August 30, 1995
Even after repeated viewings, I'm always happy to see how well
N. Richard Nash's romantic comedy The Rainmaker holds
up. Plays these days, by design I might add, don't seem
to be this terrifically concerned with structure and plot.
Maybe it's a refraction of our increasingly fragmented
society. Or maybe it's just because all playwrights are
schizophrenic anymore. You tell me. But plays as tightly
woven and linearly coherent as
don't see the light of theatrical day too much anymore.
And, as proof of its cumulative power, I offer in evidence my
very own tears at the curtain. I may be schizophrenic
but I'm still such a sap.
For those of you who've never
seen this show, or just wanna see it again, the south Park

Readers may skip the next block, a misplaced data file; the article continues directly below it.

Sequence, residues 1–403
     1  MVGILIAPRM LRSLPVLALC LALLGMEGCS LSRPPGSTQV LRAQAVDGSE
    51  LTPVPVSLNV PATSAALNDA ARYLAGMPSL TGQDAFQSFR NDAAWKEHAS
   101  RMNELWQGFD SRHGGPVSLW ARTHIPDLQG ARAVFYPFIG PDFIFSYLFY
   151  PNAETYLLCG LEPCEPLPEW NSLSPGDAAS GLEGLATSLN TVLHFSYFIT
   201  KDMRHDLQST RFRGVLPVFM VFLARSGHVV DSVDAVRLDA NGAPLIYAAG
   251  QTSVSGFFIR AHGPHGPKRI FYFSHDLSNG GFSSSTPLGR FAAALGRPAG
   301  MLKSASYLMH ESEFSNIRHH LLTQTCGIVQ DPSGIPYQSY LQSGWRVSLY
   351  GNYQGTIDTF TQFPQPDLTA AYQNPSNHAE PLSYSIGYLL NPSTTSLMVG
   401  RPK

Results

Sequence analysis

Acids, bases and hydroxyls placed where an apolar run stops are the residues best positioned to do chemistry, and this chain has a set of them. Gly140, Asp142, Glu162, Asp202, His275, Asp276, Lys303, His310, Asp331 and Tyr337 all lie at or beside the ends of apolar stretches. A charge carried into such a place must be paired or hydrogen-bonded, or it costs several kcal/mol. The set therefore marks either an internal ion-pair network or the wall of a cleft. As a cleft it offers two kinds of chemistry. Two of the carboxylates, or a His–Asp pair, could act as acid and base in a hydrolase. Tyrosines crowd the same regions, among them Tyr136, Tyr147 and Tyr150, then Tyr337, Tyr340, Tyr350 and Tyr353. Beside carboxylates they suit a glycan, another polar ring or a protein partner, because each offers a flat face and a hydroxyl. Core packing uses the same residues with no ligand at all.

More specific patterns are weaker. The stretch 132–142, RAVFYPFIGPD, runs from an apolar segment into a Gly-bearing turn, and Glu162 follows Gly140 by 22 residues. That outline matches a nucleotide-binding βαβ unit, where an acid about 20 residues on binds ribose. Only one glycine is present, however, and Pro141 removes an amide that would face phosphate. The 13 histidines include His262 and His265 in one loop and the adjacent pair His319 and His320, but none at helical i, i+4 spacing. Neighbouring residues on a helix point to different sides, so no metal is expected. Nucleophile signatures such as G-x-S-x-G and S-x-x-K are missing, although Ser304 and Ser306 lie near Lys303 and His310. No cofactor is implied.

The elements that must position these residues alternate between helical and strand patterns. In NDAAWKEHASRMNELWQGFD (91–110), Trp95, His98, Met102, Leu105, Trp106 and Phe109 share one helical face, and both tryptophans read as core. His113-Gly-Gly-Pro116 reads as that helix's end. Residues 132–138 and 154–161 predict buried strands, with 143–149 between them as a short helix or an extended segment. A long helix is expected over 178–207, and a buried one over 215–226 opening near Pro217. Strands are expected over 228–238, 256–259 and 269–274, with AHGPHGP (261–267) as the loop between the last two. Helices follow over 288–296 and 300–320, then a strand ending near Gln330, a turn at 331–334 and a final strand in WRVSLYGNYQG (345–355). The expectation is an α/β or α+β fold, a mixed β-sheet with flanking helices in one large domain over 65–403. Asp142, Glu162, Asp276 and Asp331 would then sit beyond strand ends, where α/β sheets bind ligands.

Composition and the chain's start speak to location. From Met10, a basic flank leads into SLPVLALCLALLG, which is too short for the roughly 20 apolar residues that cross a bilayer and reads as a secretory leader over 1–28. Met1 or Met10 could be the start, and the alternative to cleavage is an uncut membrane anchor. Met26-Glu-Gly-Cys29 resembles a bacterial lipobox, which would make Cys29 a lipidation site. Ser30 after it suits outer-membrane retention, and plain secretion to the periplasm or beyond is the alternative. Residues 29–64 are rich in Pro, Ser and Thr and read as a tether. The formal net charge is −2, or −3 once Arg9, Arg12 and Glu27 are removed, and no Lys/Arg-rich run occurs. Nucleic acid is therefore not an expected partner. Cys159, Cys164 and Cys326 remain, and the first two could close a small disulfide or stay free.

Theatre production, under the skilled and compelling direction
of Rick Campbell, is the perfect opportunity to do so.
Featuring the uniformly strong work by its cast, this
Rainmaker knows which
buttons to push and just how far to go. Leading the
charge is Lynne Franks as Lizzie Curry, resolutely
underplaying the role's available pathos and creating, in the
process, a moving portrait of a complex and melancholy woman.
John Imro's Starbuck is all bluster and promise, Allan
Nesvisky is every inch the compassionate father HC, Dale
Irvin's seemingly harsh Noah is laced with love and concern
for his sister and Jay Paul Smith is a big audience favorite
as the sweetly stupid brother Jim.